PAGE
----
Zope 3 Schemas

Introduction

Schemas extend the notion of interfaces to detailed descriptions of Attributes (but not methods). Every schema is an interface and specifies the public fields of an object. A field roughly corresponds to an attribute of a python object. But a Field provides space for at least a title and a description. It can also constrain its value and provide a validation method. Besides you can optionally specify characteristics such as its value being read-only or not required.

Zope 3 schemas were born when Jim Fulton and Martijn Faassen thought about Formulator for Zope 3 and PropertySets while at the Zope 3 sprint at the Zope BBQ in Berlin. They realized that if you strip all view logic from forms then you have something similar to interfaces. And thus schemas were born.

Simple Usage

Let's have a look at a simple example. First we write an interface as usual, but instead of describing the attributes of the interface with Attribute instances, we now use schema fields:

>>> import zope.interface
>>> import zope.schema
>>> class IBookmark(zope.interface.Interface):
...     title = zope.schema.TextLine(
...         title=u'Title',
...         description=u'The title of the bookmark',
...         required=True)
...
...     url = zope.schema.URI(
...         title=u'Bookmark URL',
...         description=u'URL of the Bookmark',
...         required=True)
...

Now we create a class that implements this interface and create an instance of it:

>>> class Bookmark(object):
...     zope.interface.implements(IBookmark)
...
...     title = None
...     url = None
>>> bm = Bookmark()

We would now like to only add validated values to the class. This can be done by first validating and then setting the value on the object. The first step is to define some data:

>>> title = u'Zope 3 Website'
>>> url = 'http://dev.zope.org/Zope3'

Now we, get the fields from the interface:

>>> title_field = IBookmark.get('title')
>>> url_field = IBookmark.get('url')

Next we have to bind these fields to the context, so that instance-specific information can be used for validation:

>>> title_bound = title_field.bind(bm)
>>> url_bound = url_field.bind(bm)

Now that the fields are bound, we can finally validate the data:

>>> title_bound.validate(title)
>>> url_bound.validate(url)

If the validation is successful, None is returned. If a validation error occurs a ValidationError will be raised; for example:

>>> url_bound.validate(u'http://zope.org/foo')
Traceback (most recent call last):
...
WrongType: (u'http://zope.org/foo', <type 'str'>)
>>> url_bound.validate('foo.bar')
Traceback (most recent call last):
...
InvalidURI: foo.bar

Now that the data has been successfully validated, we can set it on the object:

>>> title_bound.set(bm, title)
>>> url_bound.set(bm, url)

That's it. You still might think this is a lot of work to validate and set a value for an object. Note, however, that it is very easy to write helper functions that automate these tasks. If correctly designed, you will never have to worry explicitely about validation again, since the system takes care of it automatically.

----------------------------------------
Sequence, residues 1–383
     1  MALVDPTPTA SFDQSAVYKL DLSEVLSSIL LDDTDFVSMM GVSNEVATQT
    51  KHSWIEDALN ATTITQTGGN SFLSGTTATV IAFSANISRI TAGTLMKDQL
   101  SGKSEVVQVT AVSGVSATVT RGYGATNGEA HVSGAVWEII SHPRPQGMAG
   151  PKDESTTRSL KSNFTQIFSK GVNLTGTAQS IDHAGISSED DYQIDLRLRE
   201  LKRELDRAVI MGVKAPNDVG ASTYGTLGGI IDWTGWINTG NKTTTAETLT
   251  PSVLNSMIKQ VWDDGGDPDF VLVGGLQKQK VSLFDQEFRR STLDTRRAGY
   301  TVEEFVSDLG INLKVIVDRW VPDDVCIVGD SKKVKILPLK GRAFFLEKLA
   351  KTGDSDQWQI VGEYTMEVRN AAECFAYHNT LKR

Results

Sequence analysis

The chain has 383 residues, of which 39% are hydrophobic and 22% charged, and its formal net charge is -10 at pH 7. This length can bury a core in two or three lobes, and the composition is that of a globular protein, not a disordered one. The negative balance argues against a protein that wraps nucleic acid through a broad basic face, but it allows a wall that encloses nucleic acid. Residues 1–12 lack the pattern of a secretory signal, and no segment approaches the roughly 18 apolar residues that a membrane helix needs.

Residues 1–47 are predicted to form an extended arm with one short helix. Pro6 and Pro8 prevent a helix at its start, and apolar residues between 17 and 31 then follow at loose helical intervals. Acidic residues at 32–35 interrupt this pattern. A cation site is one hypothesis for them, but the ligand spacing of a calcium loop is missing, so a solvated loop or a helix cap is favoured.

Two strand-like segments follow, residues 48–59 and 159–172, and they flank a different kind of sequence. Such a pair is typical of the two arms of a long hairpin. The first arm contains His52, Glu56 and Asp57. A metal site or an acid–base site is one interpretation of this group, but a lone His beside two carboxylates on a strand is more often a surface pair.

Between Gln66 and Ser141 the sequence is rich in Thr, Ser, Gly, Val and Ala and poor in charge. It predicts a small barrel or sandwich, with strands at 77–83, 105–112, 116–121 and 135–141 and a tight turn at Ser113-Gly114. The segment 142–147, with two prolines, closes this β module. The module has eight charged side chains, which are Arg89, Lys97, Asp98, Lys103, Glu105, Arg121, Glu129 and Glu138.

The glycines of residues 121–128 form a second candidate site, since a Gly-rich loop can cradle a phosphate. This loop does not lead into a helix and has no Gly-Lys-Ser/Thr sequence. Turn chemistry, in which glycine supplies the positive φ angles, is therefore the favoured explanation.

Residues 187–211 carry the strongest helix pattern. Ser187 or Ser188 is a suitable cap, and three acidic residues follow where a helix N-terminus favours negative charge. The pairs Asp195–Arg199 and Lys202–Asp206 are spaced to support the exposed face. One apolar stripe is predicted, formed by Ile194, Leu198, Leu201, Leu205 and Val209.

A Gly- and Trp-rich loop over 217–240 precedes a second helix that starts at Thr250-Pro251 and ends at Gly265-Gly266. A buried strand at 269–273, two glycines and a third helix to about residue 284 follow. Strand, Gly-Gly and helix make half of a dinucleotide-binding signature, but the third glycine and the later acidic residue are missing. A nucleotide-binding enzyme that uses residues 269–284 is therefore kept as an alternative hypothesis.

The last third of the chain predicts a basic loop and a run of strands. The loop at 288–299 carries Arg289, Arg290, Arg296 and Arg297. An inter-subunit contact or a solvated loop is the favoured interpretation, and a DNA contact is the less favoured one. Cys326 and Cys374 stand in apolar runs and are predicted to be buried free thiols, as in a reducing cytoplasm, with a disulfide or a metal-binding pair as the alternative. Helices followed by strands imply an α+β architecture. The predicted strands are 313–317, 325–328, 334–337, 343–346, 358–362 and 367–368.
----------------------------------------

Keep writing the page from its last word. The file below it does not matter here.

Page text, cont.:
What is a schema, how does it compare to an interface?

A schema is an extended interface which defines fields. You can validate that the attributes of an object conform to their fields defined on the schema. With plain interfaces you can only validate that methods conform to their interface specification.

So interfaces and schemas refer to different aspects of an object (respectively its code and state).

A schema starts out like an interface but defines certain fields to which an object's attributes must conform. Let's look at a stripped down example from the programmer's tutorial:

>>> import re
>>> class IContact(zope.interface.Interface):
...     """Provides access to basic contact information."""
...
...     first = zope.schema.TextLine(title=u"First name")
...
...     last = zope.schema.TextLine(title=u"Last name")
...
...     email = zope.schema.TextLine(title=u"Electronic mail address")
...
...     address = zope.schema.Text(title=u"Postal address")
...
...     postalCode = zope.schema.TextLine(
...         title=u"Postal code",
...         constraint=re.compile("\d{5,5}(-\d{4,4})?$").match)

TextLine is a field and expresses that an attribute is a single line of Unicode text. Text expresses an arbitrary Unicode ("text") object. The most interesting part is the last attribute specification. It constrains the postalCode attribute to only have values that are US postal codes.

Now we want a class that adheres to the IContact schema:

>>> class Contact(object):
...     zope.interface.implements(IContact)
...
...     def __init__(self, first, last, email, address, pc):
...         self.first = first
...         self.last = last
...         self.email = email
...         self.address = address
...         self.postalCode = pc

Now you can see if an instance of Contact actually implements the schema:

>>> someone = Contact(u'Tim', u'Roberts', u'tim@roberts', u'',
...                   u'12032-3492')
>>> for field in zope.schema.getFields(IContact).values():
...     bound = field.bind(someone)
...     bound.validate(bound.get(someone))

Data Modeling Concepts

The zope.schema package provides a core set of field types, including single- and multi-line text fields, binary data fields, integers, floating-point numbers, and date/time values.

Selection issues; field type can specify:

Fields and Widgets

Widgets are components that display field values and, in the case of writable fields, allow the user to edit those values.

Widgets:

References